Saturday, 4 June 2011
This is my second batch of elderflower cordial and my second blog about the process. My first blog - Cordial It Is Not last week (scroll down, or link on right), was lack of citric acid, and Charles kindly commented on his own experience of being taken for a mad bomber. Anyway, the citric acid arrived via the postman and off I trundled on the Tramper (link on list on right) and gathered forty heads of elderflowers. Brought them home in a large plastic bag which I deposited, opened, in the kitchen and made a cup of tea and sat outside under the oak tree gazing over my borrowed landscape of fields down to the river, listening to the peacocks, house martins and lambs, none of which were mine, so borrowed soundscape too. Bliss.
This blog post is also my instructions to myself on how to manage the whole process, a Tired Person's recipe and instruction, for next summer, when Lupus cogdysfunk'd I will probably have forgotten what a success this was, and just how much sugar solution I got on the door handles, keyboard, floor and clothes.
So back to work .... back to a kitchen window black with thunderbugs .... eeek .... (sorted) ... now to deal with the flower heads. And I rinsed them, which dealt with most of the thunderbugs, and dealt with most of the flavour also, as the rinsing water was a stunning bright green with floating thunderbugs, so I threw it away ! Mistake. Anyway, twenty four hours later the steeped flowerheads were drained through muslin which caught all the leftover thunderbugs as well as the flowerhead mash. Although the resulting cordial was lovely, it tasted of lemons as much as of elderflowers.
So the answer to thunderbugs is ...
Firstly RINSE the flowerheads carefully, individually, time-consumingly, in a litre of filtered water in a clean glass bowl, dunk and vigorously swish around and drain in a colander placed over another bowl to catch the precious drips. The water will gradually turn bright green - this is from the pollen in the flowers. This is the flavour source. It is Precious.
Secondly STRAIN the bright green liquid through a 90cm square of muslin folded into quarters, that is four thicknesses, held in a seive, into a clean glass bowl. All the thunderbugs will be held back from the liquid in the muslin. Keep this liquid. Rinse off the muslin and bid goodbye to the bugs as they swirl down the plug hole. Launder the muslin without detergent and air dry indoors.
Thirdly ADD this litre of precious liquid to the cooled sugar water to make up the total liquid required by your recipe. It will have turned from bright green to muddy yellowy green with a sediment, as in the bowl in the picture above, so stir the sediment before pouring the liquid.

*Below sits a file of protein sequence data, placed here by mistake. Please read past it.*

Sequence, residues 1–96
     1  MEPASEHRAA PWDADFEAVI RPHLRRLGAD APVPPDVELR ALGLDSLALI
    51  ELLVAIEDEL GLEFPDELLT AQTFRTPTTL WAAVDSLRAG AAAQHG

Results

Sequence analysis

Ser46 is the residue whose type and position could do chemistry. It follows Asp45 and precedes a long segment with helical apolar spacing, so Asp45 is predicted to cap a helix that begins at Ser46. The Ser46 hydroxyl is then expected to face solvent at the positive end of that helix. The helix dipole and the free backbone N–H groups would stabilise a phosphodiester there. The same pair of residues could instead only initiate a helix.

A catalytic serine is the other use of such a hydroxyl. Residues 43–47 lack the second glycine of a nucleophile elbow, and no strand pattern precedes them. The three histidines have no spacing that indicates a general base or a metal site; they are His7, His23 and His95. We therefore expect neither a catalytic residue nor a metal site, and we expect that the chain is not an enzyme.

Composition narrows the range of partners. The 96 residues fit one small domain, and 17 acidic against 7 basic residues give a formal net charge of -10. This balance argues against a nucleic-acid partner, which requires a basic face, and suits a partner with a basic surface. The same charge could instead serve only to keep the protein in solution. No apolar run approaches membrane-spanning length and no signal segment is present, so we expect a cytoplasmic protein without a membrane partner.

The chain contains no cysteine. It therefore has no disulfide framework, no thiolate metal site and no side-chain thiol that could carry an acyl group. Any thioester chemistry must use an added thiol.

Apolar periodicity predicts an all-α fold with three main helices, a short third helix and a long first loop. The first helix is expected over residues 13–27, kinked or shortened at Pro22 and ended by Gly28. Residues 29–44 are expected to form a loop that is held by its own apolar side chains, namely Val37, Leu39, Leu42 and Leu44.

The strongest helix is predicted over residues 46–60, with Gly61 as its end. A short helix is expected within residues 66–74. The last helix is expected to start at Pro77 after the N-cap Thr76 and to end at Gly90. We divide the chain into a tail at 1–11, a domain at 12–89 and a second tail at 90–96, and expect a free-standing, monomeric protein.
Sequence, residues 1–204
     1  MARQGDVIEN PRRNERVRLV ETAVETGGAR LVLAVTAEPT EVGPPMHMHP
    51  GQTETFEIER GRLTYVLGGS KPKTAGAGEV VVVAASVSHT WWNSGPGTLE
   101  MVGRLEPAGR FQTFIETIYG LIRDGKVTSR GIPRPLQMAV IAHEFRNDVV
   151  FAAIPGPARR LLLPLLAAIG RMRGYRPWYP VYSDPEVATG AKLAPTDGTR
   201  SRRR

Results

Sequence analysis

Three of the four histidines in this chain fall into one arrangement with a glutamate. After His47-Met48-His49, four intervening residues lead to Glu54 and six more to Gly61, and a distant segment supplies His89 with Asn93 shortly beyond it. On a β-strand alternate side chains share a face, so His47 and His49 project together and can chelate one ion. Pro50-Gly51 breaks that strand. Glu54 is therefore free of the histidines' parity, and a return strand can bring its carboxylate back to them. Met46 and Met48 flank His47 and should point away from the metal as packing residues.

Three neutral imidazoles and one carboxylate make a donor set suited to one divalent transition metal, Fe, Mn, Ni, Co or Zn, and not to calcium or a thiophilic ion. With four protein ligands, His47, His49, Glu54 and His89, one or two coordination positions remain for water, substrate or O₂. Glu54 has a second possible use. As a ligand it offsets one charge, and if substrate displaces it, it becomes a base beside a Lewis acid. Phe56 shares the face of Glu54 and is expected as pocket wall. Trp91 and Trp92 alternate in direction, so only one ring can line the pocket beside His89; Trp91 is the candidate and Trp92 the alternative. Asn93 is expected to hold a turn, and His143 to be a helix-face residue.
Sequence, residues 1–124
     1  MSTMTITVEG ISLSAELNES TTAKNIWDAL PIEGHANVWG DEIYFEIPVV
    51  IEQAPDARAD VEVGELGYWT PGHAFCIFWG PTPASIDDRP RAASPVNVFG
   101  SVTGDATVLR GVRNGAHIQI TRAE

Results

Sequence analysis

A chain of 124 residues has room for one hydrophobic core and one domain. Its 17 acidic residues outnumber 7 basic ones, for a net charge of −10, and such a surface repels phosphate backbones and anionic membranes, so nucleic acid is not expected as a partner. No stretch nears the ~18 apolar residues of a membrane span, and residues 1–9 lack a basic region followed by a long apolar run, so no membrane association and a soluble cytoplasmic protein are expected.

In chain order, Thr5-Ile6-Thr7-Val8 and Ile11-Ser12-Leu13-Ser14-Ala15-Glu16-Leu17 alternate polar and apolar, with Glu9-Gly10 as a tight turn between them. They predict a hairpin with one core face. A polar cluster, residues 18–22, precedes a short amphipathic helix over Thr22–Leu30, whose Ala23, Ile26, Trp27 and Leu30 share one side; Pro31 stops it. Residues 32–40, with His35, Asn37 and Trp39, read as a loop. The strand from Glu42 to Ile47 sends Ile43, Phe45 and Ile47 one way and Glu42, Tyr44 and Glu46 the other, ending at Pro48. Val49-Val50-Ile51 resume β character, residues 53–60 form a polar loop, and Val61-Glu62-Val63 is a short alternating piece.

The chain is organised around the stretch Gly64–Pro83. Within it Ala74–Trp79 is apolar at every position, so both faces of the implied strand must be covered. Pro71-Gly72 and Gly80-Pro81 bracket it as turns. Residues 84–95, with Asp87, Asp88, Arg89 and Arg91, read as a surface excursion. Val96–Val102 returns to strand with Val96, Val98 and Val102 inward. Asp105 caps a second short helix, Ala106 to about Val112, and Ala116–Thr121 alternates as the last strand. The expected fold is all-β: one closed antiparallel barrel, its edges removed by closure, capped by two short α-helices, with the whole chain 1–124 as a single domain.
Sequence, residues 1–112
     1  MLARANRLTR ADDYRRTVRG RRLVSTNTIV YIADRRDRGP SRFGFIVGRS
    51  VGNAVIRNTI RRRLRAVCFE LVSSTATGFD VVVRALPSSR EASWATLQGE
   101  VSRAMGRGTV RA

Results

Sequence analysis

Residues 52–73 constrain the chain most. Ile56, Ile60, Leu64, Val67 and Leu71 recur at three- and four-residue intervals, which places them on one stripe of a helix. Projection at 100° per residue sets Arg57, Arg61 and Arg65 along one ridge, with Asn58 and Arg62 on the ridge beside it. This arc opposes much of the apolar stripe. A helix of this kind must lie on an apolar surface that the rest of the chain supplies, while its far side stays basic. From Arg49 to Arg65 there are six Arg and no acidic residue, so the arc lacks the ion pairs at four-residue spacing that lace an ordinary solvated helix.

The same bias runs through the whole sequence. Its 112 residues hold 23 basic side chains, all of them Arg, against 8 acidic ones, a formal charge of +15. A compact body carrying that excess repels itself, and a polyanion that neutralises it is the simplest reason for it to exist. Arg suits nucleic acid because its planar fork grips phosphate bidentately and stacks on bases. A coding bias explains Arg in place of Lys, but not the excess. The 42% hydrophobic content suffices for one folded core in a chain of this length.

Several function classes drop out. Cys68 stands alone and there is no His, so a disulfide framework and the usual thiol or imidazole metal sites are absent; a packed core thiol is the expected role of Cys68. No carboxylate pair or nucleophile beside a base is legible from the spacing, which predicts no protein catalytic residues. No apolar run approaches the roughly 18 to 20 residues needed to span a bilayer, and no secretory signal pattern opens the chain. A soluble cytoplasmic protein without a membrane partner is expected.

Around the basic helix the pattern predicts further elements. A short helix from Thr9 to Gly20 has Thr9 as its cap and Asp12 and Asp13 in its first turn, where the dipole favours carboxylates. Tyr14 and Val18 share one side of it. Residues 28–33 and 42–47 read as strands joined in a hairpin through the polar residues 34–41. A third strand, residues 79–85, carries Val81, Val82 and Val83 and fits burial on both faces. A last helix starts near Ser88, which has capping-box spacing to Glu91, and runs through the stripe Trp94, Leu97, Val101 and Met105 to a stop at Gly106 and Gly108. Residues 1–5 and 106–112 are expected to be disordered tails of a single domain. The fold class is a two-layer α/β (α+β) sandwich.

Fourthly FREEZE the resulting cordial, using plastic water or juice bottles and plastic ice cube making bags for individual portions (2 cubes to a glass of water). Freezing solves all the possible problems of moulds and explosions. It may cause problems of chemical transfer from the plastic into the liquid, but I am trusting to the food grade of the plastics I use.
This was a successful answer to the thunderbug problem for me ... only 1, yes 1, thunderbug escaped into the liquid, and was easily fished out.
This is my tweeked recipe for 40 elderflower heads to make 3 litres of cordial. I don't like to use so much sugar and maybe next summer I will experiment with less, but until then:
2 of 90cm x 90cm muslin squares
2 large glass bowls, a very large pan with lid, large seive, colander, large wooden spoon,
40 elderflower heads, size of your hand, or equivalent in smaller heads
3 litres filtered water
2 of 500 gram packs of fairtrade white sugar
200 grams of unrefined golden sugar
88 grams Citric Acid powder (order online unless you want to be treated as a potential threat)
2 large oranges
5 lemons unwaxed
Bring 2.5 litres water to boil in large pan. Remove from heat, add sugars, stir to dissolve with wooden spoon. Cover pan with clean cloth, leave to cool. Collect elderflowers. Rinse and strain as above. When the sugar water is cold, stir in citric acid to dissolve. Add the pollen water and sediment. Wash the fruit and thickly pare the lemons, add to sugar water, then top and tail, discard these ends and then finely slice the fruits and pop into the sugar water. Top and tail the oranges, thinly slice and add to sugar water. Stir. Add the elderflower heads a few at a time and stir round. The pan should be full. Bring up a few fruit slices to sit on top of the elderflower heads to keep them in the liquid. Cover the pan and set aside somewhere cool for 24 hours, stirring occasionally and carefully to minimise splashes of sticky sugar water.
Put the clean muslin unfolded in sieve over a large glass bowl, the muslin to overlap the bowl.
Carefully tip the large pan of elderflower heads and fruit in the sugar water over the muslin in the sieve. Gather up the corners of the muslin to form a bag in the sieve, lift sieve clear off the cordial in the bowl, and let all the liquid drip through the muslin, squeezing the last drips.
This is your cordial. This liquid feels like water when splashed, but it is very sticky and gets everywhere. Cover the liquid while you deal with the elderflower head mash; into a plastic bag, tied to keep out wasps, binned. Rinse the muslin to remove anything left, then launder as above.
Then jug the cordial into your preferred storage, plastic bottles (not more than two-thirds full) or ice cube bags, and freeze immediately, saving some to drink immediately. Defrost bottles overnight in the fridge, keep refrigerated and drink within twenty four hours ... this should prevent any moulds forming and prevent anyone blaming me if they ingest toxins. If frozen in ice cube bags, just pop two frozen cubes of cordial into a glass and fill with cold water still or sparkling, or white wine if your medication allows alcohol.
Enjoy. Preferably outside in a warm breeze. In the tree shade if you too have Lupus.